4. The Xenophobic 1920s

Part II. Redefining America
5. The 1952 Act: Excluding Communists, Homosexuals, and Other Undesirables
6. 1965 to 1990: From Discriminatory Quotas to Discriminatory Diversity Visas

Part III. Defining Mexicans As Non-Americans
7. Politicizing the Southwest Border
8. Patrolling the Border and Sweeping for Mexicans
9. Irca: Penalizing Employers, as Amnesty Barely Survives
10. The Dark Side of Modern-Day Enforcement: Operation Gatekeeper

Part IV. Deporting and Barring Non-Americans
11. Removal
12. The Politics of Asylum

Epilogue: Two Americas
Appendix
Notes
Index

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About the Author(s)

Bill Ong Hing is Professor of Law and Asian American Studies at the University of California, Davis. His previous books include To Be an American: Cultural Pluralism and the Rhetoric of Assimilation and Making and Remaking Asian America through Immigration Policy.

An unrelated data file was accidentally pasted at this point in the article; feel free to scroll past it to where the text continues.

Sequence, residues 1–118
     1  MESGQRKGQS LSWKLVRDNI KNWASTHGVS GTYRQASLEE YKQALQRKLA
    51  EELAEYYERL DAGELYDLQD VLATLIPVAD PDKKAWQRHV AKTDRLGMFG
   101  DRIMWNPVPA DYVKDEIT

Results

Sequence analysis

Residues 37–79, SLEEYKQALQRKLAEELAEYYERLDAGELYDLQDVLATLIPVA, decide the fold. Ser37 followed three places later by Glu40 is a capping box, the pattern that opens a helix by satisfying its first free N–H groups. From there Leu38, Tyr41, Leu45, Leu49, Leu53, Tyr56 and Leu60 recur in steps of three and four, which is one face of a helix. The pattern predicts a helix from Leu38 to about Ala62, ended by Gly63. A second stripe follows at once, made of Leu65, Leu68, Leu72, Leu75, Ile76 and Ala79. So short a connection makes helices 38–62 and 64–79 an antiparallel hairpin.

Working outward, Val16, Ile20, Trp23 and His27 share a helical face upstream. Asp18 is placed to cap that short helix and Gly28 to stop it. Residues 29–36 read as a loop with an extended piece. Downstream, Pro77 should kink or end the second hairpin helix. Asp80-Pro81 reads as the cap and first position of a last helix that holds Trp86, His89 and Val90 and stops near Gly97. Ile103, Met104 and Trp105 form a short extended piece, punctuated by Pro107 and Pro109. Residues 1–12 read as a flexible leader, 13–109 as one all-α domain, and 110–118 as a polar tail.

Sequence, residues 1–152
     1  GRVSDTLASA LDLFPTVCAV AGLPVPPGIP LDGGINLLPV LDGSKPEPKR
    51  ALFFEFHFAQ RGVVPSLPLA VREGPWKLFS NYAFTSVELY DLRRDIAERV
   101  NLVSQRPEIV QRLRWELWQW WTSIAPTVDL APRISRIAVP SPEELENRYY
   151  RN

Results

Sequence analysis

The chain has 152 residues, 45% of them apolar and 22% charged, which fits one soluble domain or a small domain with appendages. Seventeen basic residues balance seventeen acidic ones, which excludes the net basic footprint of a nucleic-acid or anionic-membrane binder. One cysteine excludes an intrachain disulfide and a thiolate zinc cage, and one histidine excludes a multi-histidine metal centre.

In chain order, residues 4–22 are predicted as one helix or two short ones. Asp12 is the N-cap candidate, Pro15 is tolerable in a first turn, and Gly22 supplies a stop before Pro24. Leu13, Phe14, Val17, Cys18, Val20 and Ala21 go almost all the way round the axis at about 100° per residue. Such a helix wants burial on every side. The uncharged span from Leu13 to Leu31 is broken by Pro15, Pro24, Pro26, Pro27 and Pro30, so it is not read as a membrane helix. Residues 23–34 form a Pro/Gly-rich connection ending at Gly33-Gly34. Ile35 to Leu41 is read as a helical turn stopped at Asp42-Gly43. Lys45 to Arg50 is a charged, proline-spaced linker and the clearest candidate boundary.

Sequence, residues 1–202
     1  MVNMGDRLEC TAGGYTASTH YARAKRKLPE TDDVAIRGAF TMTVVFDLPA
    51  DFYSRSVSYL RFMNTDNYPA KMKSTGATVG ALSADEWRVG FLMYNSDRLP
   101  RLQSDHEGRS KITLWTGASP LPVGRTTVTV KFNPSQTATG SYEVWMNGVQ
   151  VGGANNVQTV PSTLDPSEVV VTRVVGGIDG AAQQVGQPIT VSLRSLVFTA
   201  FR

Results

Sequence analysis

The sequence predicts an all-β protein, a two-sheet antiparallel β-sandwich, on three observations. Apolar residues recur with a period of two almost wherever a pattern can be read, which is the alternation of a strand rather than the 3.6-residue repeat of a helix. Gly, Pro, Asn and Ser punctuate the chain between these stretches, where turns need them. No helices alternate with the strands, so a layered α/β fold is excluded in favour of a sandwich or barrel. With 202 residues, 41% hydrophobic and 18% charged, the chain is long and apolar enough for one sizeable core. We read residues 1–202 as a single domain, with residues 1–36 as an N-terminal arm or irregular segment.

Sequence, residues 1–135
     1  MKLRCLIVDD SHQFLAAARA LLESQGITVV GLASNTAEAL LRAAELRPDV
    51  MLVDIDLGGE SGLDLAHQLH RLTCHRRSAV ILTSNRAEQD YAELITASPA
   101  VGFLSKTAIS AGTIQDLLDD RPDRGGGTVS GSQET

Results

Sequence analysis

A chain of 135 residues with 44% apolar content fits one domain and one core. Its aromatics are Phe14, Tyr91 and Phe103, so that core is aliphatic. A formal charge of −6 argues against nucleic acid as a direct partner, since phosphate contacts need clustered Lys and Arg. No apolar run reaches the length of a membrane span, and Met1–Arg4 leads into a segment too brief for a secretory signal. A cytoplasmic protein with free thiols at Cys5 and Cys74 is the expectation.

Subject Categories

Race and Ethnicity
History
Law and Criminology


In the series

Mapping Racisms, edited by Jo Carrillo, Darrell Y. Hamamoto, Rodolfo D. Torres, and E. Frances White.

The books in Mapping Racisms, edited by Jo Carrillo, Darrell Y. Hamamoto, Rodolfo D. Torres, and E. Frances White, assess the changing nature and meaning of racialized social relations in the United States. Although many of the works in the series are expected to be cultural, socio-economic, and historical studies devoted to a single ethnic group, the editors are especially interested in manuscripts that explore comparisons among these groups and analyze contemporary expressions of racialized relations and identities in the context of demographic shifts, changing class formations, and new forms of global dislocation. The aim of the series is to publish books that are analytical and rigorous, but at the same time appealing to a general audience.